Grad Students

Sigríður Sæunn publishes a paper in Íslenskt mál og almenn málfræði [Icelandic language and general linguistics]

Sigríður Sæunn Sigurðardóttir published a paper entitled, “’Haf góðan dag’ Um uppkomu nýrrar kveðju út frá hugmyndum um talgjörðir” [‘Have a nice day’ The emergence of a new leave-taking term in Icelandic in the light of Speech Act Theory] in Íslenskt mál og almenn málfræði 41.-42The paper is on the leave-taking term Hafðu góðan dag (‘Have a nice day (ACC)’), which has become prominent in Modern Icelandic but has been prescriptively deemed “improper Icelandic” due to its being influenced by English Have

Claire Bowern and Sarah Babinski present at The 7th International Conference on Language Documentation & Conservation (ICLDC)

Sarah Babinski and Claire Bowern both presented at The 7th International Conference on Language Documentation & Conservation (ICLDC): Recognizing Relationships, which was hosted virtually by University of Hawai‘i at Mānoa on March 4-7, 2021.

Jeremy Johns interviewed by Yale Center for the Study of Race, Indigeneity & Transnational Migration

Jeremy Johns is recently interviewed by the Yale Center for the Study of Race, Indigeneity & Transnational Migration, as a RITM Graduate Fellow.

As described by the Yale Center for the Study of Race, Indigeneity & Transnational Migration, in order to attract the best graduate students to Yale and to support their work, the Center designates a select number of incoming doctoral students annually as RITM Graduate Fellows. These Fellows are nominated by their departments upon admission and are selected by an RITM committee.

Several Yale linguists present at AMP 2020

Several phonologists are presenting at the Annual Meeting on Phonology (AMP) 2020.

Jason Shaw is presenting a paper co-authored with Sejin Oh (Yale-affiliated, at Haskins), Alexei Kochetov & Karthik Durvasula: “Distinguishing complex segments from consonant clusters using gestural coordination

There are also three posters:

Sarah Babinski: “Intrinsic f0 and sound change: Evidence from Australian languages”,

Sarah Babinski presents work at virtual LabPhon17 Conference

PhD Candidate Sarah Babinski presented a talk titled “Lexical stress: Phonetic variation under phonological stability in Australian languages,” at LabPhon17, the biennial conference of the Association for Laboratory Phonology, which was held virtually from July 6-8 2020. In this talk, she presented preliminary results from her dissertation research on the comparative phonetics of stress marking across Australian languages.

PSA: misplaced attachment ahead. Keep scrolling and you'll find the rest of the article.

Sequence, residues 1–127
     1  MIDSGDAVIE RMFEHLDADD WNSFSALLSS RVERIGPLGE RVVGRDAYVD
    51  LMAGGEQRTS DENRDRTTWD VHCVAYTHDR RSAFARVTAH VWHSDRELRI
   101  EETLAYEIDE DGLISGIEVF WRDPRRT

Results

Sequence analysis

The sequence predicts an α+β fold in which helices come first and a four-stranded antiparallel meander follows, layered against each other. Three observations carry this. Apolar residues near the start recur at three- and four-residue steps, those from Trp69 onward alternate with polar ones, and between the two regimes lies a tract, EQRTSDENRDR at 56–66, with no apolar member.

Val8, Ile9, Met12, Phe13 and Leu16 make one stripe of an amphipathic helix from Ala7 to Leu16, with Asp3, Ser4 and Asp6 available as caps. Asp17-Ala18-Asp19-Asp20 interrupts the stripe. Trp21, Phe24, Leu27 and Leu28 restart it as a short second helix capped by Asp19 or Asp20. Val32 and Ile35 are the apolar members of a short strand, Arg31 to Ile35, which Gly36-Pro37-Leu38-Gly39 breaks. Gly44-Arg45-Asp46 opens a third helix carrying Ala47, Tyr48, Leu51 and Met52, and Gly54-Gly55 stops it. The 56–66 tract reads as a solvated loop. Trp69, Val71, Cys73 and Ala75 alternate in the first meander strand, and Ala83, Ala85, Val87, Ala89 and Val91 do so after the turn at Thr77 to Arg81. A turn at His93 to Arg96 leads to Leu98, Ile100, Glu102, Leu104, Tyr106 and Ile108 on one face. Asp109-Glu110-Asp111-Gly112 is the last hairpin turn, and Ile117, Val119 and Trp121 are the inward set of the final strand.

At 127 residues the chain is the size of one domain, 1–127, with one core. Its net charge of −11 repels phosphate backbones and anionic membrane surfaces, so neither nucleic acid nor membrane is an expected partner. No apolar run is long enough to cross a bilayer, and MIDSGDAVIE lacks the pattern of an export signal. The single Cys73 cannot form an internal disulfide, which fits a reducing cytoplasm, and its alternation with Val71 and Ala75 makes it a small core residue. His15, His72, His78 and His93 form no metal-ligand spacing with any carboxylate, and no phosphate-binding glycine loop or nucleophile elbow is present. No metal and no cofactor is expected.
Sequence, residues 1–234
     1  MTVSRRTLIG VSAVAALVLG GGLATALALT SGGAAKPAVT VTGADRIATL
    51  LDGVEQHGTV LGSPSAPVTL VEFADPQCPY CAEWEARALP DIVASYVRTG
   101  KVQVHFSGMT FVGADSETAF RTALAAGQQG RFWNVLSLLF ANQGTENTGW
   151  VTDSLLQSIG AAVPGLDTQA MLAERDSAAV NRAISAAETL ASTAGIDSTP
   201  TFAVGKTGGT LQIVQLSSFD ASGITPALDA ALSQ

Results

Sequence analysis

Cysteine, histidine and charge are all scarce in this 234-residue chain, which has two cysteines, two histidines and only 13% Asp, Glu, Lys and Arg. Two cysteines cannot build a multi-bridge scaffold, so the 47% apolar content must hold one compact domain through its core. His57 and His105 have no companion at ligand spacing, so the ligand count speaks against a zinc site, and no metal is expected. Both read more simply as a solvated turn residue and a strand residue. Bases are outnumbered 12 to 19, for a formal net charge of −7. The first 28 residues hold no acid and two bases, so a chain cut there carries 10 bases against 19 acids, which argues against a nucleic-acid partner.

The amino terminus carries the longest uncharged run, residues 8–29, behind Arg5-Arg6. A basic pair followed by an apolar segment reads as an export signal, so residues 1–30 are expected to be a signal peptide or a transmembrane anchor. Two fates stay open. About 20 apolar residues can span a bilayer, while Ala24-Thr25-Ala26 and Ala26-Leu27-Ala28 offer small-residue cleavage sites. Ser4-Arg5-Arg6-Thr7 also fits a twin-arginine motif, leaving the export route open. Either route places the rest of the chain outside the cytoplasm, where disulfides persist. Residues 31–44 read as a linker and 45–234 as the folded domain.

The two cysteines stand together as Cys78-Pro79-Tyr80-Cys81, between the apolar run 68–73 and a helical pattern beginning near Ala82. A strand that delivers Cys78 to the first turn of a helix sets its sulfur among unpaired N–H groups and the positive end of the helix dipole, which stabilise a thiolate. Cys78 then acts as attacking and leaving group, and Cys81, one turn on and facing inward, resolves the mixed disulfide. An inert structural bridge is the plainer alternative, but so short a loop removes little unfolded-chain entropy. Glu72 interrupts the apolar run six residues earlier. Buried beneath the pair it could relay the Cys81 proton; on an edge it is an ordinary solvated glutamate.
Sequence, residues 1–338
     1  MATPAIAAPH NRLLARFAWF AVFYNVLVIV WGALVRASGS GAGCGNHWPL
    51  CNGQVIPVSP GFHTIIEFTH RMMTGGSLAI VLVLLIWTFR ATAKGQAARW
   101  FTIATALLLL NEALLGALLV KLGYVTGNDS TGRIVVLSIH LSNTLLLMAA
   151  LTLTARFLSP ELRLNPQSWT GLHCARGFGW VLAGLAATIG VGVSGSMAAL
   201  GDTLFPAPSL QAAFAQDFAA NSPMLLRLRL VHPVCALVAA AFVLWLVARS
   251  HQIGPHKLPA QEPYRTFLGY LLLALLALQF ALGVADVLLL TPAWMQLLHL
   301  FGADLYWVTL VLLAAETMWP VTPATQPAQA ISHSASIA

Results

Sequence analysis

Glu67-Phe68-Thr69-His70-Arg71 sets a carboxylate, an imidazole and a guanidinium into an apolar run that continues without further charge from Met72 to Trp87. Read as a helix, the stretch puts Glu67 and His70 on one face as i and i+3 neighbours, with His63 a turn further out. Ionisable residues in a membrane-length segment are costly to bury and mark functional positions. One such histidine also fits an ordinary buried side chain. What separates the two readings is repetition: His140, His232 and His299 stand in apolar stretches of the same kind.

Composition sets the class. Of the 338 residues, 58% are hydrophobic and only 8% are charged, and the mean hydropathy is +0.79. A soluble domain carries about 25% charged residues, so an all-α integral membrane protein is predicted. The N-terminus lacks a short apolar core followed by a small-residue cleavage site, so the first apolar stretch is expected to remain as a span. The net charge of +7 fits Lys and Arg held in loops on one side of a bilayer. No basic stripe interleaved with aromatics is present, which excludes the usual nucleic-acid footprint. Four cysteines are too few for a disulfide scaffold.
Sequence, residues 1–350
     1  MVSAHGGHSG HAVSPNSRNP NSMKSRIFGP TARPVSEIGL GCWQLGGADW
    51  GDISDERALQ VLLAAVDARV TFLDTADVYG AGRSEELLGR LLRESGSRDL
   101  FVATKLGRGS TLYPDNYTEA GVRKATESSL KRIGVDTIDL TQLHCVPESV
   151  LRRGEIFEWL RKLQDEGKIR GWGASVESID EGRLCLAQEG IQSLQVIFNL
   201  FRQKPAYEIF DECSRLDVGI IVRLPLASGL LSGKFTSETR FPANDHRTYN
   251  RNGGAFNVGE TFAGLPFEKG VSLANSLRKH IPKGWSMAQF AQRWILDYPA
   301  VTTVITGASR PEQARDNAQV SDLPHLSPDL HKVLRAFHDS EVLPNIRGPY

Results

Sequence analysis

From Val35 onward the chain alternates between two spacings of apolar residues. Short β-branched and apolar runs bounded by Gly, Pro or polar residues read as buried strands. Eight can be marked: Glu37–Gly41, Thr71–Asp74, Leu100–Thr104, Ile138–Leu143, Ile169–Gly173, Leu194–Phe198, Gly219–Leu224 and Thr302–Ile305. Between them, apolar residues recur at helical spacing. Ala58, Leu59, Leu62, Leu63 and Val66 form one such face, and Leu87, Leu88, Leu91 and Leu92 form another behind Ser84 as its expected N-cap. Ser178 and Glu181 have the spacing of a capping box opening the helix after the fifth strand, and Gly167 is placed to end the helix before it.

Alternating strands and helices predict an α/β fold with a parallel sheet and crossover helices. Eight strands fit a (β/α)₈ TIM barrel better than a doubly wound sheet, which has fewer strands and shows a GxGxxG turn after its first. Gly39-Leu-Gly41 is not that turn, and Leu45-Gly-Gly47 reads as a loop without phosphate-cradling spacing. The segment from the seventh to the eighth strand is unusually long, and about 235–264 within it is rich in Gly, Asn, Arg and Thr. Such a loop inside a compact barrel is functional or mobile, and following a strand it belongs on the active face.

Matt Tyler defends dissertation

On Thursday, July 23rd, Matt Tyler successfully defended his PhD dissertation. The defense, which was held virtually on Zoom, presented Matt’s dissertation entitled Argument Structure and Argument-Marking in Choctaw, supervised by Jim Wood. The committee members were Raffaella Zanuttini, Bob Frank, and Aaron Broadwell. Congratulations, Matt!

Larry Horn and Martín Fuchs publish chapters in The Oxford Handbook of Negation

Professor Emeritus Larry Horn published two chapters in The Oxford Handbook of Negation (link to online version). In “Negation and Opposition: Contradiction and contrariety in logic and language”, he addresses the complications that arise from equating Aristotle’s semantic category of contradictory opposition with the syntactic category of sentence (vs. constituent) negation.

Sigríður Sæunn Sigurðardóttir presents a talk at DGFS

Sirrý Sigurðardóttir gave a talk at a workshop during the DGfS (Deutsche Gesellschaft für Sprachwissenschaft) last week. Sirrý’s talk, entitled “The Anti-Occam’s Razor: The distinction between pronouns and expletives in Icelandic” (link to abstract), was presented at the workshop “Theoretical approaches to grammatical (non-)identity in synchrony and diachrony.”

Parker Brody publishes in Journal of Historical Linguistics

Parker Brody has published an article in the most recent issue of Journal of Historical Linguistics.  “Morphological exceptionality and pathways of change” explores the notion of analyzing cross-linguistically uncommon morphosyntactic structures in terms of their historical development. What may seem extraordinary in the synchronic snapshot of a language can often be clearly accounted for through diachronic considerations.

Matt Tyler and Jim Wood publish in Linguistic Variation

Matthew Tyler and Jim Wood have published an article in the most recent issue of Linguistic Variation. The article is entitled “Microvariation in the ‘have yet to’ construction”, and reports on results from the research of the Yale Grammatical Diversity project. The ‘have yet to’ construction refers to sentences like ‘I have yet to visit my grandmother’, meaning ‘I have not visited my grandmother yet’.

Martín Fuchs teaches a course on meaning change at the Buenos Aires Summer School in Linguistics

During the first week of February 2020, Martín Fuchs taught a course on meaning change and its cognitive and communicative underpinnings at the Buenos Aires Linguistics Summer School. The goal of the course was to introduce graduate students to theories of semantic change that aim at uncovering the forces that produce the regularities that are observed in this domain.

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